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Liberal Democrat News 18th November 2011

November 18, 2011 8:28 AM
Originally published by UK Liberal Democrats

The Deputy Prime Minister Nick Clegg and Children's Minister Sarah Teather launched the consultation on this important help for young children during a visit to the Church Street Nursery in Central London.

"I want us to give every child the best possible start - so free education for toddlers from the most disadvantaged homes will now be a right and not a privilege," Said Nick.

"Crucially the extra care will be flexible and easy to access. Parents across the country are bending over backwards to balance work and home. The Coalition wants to help in whatever way we can."

The consultation includes proposals to:

  • Make the free entitlement to 15 hours per week of early education more flexible, so it can be taken between 7am and 7pm, and spread across two days instead of the current three days.
  • Use the criteria which are also used for free school meals to decide which disadvantaged two year olds should qualify for free early education,
  • Include two year olds who are looked after in the eligibility criteria for free early education.
  • Slim down statutory guidance for local authorities from 100 pages to less than 20 pages.

The consultation will run until the 31st January 2012.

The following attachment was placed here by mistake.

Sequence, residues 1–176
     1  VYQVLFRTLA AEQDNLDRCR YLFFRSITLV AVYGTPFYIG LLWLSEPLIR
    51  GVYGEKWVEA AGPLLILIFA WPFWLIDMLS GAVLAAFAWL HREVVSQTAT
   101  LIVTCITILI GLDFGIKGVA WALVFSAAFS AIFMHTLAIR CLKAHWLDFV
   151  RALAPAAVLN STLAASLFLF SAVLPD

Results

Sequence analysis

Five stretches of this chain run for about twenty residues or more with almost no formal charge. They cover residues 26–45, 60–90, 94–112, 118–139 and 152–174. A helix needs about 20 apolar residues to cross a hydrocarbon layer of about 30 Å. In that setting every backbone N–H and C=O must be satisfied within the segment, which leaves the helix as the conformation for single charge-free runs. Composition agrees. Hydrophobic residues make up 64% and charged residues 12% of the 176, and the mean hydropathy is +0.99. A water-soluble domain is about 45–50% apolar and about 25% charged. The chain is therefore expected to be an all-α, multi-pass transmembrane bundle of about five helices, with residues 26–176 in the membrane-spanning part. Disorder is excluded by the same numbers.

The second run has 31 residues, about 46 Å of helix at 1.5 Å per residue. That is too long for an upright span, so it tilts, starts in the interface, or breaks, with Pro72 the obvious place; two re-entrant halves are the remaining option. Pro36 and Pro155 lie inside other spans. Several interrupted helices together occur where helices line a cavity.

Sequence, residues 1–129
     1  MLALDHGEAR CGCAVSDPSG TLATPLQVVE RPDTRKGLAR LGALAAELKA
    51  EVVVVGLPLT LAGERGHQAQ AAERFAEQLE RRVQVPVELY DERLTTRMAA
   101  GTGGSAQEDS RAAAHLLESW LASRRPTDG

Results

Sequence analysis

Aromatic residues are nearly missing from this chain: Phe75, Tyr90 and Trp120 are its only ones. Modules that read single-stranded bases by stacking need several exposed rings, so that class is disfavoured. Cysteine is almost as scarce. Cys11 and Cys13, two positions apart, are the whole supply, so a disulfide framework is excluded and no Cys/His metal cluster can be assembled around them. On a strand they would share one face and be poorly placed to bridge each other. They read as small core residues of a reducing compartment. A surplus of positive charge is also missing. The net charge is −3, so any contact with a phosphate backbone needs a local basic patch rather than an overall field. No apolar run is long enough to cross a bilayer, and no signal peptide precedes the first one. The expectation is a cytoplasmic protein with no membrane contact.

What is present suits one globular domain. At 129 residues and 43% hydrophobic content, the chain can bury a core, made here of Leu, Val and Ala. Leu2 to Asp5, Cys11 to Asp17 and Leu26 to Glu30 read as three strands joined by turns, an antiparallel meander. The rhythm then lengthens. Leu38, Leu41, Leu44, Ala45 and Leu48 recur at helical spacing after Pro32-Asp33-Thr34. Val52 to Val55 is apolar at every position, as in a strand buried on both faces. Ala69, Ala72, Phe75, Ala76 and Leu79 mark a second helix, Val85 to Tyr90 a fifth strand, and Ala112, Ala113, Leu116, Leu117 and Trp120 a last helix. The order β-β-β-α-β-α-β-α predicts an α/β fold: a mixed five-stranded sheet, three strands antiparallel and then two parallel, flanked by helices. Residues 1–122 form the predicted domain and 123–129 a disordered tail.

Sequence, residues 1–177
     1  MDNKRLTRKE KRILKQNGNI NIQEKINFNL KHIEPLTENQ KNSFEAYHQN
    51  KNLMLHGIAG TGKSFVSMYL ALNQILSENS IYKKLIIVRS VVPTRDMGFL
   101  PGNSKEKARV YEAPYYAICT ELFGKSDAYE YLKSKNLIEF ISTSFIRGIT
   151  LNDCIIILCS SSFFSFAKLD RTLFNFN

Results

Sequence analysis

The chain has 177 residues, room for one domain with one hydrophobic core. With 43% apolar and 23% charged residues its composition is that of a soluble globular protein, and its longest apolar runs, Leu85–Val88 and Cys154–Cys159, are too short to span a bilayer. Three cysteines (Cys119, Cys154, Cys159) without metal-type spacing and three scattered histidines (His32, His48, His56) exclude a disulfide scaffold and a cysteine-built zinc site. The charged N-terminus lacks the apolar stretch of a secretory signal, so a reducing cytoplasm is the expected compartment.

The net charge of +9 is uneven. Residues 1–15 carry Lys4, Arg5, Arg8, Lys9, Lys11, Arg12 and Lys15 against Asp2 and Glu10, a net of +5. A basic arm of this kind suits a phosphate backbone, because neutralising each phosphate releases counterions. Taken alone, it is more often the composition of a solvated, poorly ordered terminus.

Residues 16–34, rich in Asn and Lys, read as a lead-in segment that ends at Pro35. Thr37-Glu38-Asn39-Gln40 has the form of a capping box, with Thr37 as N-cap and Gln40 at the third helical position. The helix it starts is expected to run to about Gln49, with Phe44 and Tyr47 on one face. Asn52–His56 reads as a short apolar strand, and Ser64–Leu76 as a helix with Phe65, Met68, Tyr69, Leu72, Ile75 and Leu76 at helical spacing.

The announcement follows the government's commitment, made by Nick in October 2010, to extend the 15 hours of free early education - currently available to all three and four year olds - to disadvantaged two year olds from September 2013.
The expansion will be funded by additional government support to local authorities, rising to £380m per year by the end of the spending period.
Sarah said:

"Our priority is to increase social mobility by helping children from the poorest backgrounds in their earliest years. High quality early education is the key to making a difference early on in a child's life.
"It's crucial for their healthy development and means
they're not falling behind before they have even started primary school.
"We want more children to be able to access their full early education entitlement. Too often, the most disadvantaged children don't get what they are entitled to. It's important we target early education at those who stand to benefit the most."

All 152 local authorities in England have been delivering a targeted offer of between 10 and 15 hours of free early education to some of the most disadvantaged two-year-olds since September 2009.

The extension will mean an increase in the number of places across the country, from 20,000 per year to around 140,000 per year.

Also in the paper this week
The party president Tim Farron on the Eurozone and Cllr Sian Reid, leader of Cambridge city council reports on some of the radical green schemes initiated by the Lib Dems.

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